Ancient Egypt, New Kingdom, Dynasties 18 to 20, ca. 1550 to 1070 BCE. A carved wooden headrest constructed from two separate pieces. Such headrests were important articles used for Egyptian sleeping areas, and are thought to have had several functions. According to scholars, Egyptians typically slept on their sides, so the curved upper section of the headrest would have held the head above the bed. These headrests were oftentimes also buried with the mummy in order to providing a place for the deceased's head to rest. In addition, elevating the head was integral to Egyptian religious practices as this position was intended to assist in resurrection - mimicking the sun god rising above the horizon - as well as playing a role in the "Opening of the Mouth" ceremony described in the "Book of the Dead." Size: 8.625" W x 7.75" H (21.9 cm x 19.7 cm)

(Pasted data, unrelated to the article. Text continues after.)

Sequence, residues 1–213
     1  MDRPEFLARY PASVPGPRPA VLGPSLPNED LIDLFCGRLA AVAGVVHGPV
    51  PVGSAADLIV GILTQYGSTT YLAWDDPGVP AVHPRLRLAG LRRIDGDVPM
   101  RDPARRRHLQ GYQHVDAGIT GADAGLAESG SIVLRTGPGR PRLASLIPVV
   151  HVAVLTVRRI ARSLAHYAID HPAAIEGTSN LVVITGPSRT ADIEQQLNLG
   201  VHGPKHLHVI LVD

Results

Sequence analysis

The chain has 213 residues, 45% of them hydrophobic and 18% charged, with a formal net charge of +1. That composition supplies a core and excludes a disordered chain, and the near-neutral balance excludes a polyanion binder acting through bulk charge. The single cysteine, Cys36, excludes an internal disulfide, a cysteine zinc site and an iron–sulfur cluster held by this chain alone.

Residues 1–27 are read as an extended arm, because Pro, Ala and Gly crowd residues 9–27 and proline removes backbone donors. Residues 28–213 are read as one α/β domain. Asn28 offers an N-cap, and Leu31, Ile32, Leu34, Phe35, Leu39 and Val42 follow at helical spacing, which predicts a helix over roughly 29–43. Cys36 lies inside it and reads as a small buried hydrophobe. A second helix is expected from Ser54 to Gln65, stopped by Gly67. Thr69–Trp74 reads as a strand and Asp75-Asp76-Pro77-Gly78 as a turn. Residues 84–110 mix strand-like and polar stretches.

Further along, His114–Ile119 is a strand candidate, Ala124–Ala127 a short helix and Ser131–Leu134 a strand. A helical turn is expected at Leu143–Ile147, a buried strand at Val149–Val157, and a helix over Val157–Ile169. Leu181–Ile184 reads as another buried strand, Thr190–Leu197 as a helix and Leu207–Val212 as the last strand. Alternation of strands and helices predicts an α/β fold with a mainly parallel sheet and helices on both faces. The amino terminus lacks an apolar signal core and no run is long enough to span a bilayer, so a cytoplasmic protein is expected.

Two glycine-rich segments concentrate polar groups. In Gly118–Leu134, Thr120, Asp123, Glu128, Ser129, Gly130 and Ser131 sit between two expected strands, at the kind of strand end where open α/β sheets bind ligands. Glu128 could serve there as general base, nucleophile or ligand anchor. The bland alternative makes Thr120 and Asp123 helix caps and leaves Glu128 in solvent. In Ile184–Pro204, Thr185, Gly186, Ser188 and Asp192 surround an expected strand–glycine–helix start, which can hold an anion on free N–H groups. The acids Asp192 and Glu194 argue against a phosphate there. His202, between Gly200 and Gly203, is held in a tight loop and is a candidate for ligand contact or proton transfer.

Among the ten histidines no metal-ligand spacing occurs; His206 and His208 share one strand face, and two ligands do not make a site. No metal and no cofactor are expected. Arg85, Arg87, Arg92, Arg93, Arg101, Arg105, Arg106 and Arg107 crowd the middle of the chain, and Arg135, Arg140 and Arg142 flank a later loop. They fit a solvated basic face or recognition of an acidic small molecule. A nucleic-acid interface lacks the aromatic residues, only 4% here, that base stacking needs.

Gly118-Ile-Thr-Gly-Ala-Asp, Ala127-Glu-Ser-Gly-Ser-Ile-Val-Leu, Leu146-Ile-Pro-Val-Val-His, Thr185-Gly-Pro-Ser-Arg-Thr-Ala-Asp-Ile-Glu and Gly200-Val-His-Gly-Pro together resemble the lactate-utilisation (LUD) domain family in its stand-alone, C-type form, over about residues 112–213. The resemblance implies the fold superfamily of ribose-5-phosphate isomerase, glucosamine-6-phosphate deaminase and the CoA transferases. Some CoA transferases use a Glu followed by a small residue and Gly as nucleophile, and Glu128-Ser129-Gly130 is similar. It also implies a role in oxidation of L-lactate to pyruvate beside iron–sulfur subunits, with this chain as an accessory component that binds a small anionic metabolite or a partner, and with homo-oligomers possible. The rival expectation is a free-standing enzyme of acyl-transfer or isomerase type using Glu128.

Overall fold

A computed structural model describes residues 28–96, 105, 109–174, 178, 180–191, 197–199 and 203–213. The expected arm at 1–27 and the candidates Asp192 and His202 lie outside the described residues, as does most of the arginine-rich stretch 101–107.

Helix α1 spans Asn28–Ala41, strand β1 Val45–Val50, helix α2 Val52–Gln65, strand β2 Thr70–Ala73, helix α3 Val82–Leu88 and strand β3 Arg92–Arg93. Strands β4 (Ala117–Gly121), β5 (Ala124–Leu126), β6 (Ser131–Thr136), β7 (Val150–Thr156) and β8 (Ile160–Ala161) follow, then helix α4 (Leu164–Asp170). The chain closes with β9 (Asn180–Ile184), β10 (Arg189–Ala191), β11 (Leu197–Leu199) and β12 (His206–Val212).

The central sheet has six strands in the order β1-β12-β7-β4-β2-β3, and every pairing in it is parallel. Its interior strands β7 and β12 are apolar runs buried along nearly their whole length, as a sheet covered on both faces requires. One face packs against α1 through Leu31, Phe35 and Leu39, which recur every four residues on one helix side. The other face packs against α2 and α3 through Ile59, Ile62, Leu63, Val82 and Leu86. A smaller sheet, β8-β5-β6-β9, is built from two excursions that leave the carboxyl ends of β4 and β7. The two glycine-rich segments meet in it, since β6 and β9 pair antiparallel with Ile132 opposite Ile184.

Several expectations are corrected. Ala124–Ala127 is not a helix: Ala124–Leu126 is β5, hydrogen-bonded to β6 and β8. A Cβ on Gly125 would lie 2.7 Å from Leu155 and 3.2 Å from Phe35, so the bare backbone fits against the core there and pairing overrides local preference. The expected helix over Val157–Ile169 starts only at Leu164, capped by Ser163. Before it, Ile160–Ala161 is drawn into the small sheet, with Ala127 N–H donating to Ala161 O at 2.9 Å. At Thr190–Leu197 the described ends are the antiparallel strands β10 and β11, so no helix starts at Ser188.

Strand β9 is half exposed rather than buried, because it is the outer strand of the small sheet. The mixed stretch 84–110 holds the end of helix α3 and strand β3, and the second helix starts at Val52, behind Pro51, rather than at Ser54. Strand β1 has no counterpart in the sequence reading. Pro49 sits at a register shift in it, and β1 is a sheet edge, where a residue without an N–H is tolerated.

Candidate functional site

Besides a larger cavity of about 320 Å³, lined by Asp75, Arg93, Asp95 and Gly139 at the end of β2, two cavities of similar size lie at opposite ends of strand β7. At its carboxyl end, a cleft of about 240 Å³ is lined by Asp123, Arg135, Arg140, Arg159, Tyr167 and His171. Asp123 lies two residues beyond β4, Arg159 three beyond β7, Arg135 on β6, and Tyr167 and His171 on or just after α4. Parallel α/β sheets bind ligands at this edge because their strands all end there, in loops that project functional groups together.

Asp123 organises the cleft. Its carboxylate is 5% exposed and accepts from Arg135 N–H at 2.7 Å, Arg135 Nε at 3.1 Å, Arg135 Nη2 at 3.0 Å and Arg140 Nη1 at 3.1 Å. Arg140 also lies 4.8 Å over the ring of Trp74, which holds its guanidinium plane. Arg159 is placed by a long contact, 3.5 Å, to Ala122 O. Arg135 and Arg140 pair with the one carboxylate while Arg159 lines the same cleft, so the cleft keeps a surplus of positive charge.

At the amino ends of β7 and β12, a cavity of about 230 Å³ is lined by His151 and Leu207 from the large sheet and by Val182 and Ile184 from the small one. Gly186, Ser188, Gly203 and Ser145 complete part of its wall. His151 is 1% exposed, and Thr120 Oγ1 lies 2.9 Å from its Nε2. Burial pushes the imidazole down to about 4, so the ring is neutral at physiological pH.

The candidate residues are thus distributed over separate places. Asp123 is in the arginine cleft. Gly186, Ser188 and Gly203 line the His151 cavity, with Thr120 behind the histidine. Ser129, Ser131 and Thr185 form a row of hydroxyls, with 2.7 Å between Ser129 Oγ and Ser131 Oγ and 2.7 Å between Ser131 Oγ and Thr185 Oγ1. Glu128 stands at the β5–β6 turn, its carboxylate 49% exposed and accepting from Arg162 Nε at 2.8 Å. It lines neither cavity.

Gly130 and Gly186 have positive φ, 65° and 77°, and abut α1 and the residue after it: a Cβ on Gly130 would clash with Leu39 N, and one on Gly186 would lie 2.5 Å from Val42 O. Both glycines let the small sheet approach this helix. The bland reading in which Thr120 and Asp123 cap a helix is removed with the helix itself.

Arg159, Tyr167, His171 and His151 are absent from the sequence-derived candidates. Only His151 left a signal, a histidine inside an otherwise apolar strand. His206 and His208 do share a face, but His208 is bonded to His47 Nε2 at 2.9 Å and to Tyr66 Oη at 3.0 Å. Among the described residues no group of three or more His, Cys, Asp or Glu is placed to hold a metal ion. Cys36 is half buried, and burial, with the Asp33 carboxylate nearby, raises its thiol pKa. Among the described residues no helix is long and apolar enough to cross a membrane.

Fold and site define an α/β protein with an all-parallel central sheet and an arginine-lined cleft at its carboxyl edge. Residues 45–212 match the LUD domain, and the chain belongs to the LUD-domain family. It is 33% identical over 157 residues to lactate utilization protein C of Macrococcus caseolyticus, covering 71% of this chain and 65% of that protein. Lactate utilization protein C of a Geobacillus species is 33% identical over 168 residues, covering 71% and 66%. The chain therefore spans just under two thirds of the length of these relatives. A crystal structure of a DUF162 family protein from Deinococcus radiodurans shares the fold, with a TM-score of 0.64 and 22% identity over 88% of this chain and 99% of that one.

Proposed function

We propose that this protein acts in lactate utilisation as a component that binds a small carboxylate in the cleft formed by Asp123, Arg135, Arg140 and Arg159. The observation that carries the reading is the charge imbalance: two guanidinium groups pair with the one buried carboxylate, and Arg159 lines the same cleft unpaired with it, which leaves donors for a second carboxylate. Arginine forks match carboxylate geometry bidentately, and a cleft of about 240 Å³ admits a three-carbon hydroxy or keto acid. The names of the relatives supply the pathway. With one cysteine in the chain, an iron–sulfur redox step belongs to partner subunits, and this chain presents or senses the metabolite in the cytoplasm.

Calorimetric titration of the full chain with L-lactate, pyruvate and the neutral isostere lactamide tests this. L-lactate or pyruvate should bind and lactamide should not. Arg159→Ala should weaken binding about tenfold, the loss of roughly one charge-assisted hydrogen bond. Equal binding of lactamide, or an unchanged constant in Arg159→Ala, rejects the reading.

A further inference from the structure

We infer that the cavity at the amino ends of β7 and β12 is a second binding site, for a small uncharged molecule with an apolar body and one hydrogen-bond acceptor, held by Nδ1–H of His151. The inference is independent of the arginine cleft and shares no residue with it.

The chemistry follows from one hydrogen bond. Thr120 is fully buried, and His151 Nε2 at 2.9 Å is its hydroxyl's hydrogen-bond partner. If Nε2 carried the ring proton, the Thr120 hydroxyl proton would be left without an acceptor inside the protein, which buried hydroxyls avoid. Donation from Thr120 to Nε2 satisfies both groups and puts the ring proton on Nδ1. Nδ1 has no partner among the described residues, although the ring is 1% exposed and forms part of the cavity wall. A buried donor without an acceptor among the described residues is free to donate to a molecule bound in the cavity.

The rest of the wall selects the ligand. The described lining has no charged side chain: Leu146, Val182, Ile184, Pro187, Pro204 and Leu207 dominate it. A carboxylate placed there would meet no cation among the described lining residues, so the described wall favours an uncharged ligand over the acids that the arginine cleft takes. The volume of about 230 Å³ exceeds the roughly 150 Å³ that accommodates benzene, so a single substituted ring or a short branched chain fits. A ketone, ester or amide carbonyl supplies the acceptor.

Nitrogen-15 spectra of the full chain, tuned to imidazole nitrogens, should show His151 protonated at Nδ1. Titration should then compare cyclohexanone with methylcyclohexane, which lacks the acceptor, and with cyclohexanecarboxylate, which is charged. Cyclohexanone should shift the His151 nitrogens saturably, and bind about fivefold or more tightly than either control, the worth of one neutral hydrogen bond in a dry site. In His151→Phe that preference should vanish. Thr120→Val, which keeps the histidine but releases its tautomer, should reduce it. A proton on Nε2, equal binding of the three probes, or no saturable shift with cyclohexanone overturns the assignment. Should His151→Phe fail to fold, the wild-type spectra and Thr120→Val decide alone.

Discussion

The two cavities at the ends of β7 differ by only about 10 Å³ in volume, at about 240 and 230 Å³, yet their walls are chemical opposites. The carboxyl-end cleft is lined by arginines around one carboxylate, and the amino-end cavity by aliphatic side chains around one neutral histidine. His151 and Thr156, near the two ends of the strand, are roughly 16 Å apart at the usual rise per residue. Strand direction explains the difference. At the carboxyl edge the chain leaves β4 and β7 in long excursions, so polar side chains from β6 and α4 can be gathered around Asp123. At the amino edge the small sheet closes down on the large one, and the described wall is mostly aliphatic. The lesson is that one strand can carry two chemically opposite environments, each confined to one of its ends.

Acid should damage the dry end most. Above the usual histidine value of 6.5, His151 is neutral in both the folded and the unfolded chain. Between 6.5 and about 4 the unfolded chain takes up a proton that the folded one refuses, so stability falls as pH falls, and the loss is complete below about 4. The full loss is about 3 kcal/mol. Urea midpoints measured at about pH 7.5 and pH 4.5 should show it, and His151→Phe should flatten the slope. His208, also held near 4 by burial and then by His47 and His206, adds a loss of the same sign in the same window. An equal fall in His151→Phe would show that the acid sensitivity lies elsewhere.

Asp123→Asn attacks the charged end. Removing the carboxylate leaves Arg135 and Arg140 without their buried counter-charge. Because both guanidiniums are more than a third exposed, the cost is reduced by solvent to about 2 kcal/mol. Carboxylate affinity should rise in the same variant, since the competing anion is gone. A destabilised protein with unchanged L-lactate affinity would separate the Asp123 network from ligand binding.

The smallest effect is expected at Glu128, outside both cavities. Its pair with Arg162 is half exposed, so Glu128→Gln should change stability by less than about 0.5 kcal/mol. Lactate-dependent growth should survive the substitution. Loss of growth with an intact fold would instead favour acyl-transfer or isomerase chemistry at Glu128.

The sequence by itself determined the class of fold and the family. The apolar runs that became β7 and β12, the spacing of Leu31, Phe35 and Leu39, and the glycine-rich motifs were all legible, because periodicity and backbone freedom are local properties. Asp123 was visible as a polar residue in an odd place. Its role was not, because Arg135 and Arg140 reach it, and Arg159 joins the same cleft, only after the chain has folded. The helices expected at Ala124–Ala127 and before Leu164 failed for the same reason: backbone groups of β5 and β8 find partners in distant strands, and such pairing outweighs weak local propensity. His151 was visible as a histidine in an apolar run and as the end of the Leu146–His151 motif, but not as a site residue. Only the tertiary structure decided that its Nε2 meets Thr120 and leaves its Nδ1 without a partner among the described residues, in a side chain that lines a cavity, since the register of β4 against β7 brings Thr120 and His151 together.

Provenance: private Chicago, Illinois, USA collection
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